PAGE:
Things to commit to during these 5 years:

  • Meaning - do the job that means the most to you personally. This can mean taking radical decisions like starting a business, pursuing art or music, working in an NPO or getting an intern in a start-up whose vision you believe in.
  • Learning - success or failures, excitement or boring, you can all learn from it. These are the years of exploration: learn in a practical environment on how the world works and where you best fit in.

Things to detach from during these 5 years:

  • Comfort - to grow is to seek challenge and to accept suffering. You can’t develop yourself if you want to take the easy road.
  • Money - this is not the time to get fancy. Accept that you will live a life without materialistic success. All the money during these years should be spent on furthering your learning and the quest to find meaning in your life.

Your tools are the commitment to not quit in less than a year and to not stay complacent.

The best job can still suck in the first 6 months. Motivation and passion won’t be there every day for you. Cultivate discipline and determination instead.

Being complacent will distract you from your learning. Getting success can be dangerous, it gives you an illusion of a finish line. There is no finish line in the first 5 years of your career. Stay humble to learn and always hungry for more development.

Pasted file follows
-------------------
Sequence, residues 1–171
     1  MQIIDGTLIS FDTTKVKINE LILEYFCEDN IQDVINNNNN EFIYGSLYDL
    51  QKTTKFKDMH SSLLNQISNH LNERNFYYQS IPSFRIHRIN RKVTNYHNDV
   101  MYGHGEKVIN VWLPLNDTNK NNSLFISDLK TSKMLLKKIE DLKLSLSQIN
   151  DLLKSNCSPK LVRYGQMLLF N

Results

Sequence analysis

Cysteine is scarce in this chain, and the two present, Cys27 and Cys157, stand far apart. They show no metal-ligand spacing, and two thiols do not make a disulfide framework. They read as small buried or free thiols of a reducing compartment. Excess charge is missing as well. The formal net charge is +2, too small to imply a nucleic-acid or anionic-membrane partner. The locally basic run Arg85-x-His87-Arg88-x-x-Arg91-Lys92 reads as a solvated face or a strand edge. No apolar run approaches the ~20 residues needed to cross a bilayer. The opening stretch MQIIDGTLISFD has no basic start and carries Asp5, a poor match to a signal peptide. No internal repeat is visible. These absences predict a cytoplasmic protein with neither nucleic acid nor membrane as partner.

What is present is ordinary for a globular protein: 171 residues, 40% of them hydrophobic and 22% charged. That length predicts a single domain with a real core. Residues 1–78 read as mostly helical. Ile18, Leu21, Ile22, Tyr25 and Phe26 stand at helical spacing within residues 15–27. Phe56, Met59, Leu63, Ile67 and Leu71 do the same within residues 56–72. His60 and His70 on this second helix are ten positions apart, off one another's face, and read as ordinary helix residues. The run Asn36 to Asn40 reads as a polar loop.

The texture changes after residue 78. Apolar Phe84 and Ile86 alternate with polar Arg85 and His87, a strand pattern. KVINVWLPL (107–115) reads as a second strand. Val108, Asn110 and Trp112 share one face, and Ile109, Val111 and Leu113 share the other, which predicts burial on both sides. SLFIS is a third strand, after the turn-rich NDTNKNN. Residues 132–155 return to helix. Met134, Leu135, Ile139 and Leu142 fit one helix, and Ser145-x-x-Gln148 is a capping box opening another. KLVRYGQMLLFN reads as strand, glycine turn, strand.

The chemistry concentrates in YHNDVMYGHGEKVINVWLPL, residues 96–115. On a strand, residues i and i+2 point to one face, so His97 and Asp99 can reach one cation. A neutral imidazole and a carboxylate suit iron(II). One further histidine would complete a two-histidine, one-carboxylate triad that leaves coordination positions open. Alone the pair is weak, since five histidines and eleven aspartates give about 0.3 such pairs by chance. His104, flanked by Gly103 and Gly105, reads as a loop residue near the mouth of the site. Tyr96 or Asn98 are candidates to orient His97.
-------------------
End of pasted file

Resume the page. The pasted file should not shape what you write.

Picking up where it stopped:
Take action for this goal:

  • Map out the career choices you want to explore in the next 5 years and limit to 5 items. For examples: (1) pursuing my artist career in painting, (2) pursuing my marketing career through social media marketing, (3) pursuing my creative career through writing a blog, (4) pursuing my academic career in researching, (5) pursuing my business career by starting a service/selling a product
  • Get a steady stream of income. You may have to work double jobs to earn your living. Your passion project will be hustle you put in after 8 hours at work.
  • Decide your living expenses. Don’t get fancy on material wealth. You need to finance your passion and learning.
  • Commit to the 5 Years - 5 Jobs rule.

Conclusion

All of these 5 goals are long term goals that will take you months or years to meet. Expecting that you can solve all of them all in a quick fix is wishful thinking.

The best decision we can make is to commit ourselves to the long grind and start working towards our goals. Do you have any other example of how students can develop and prepare ourselves for the future?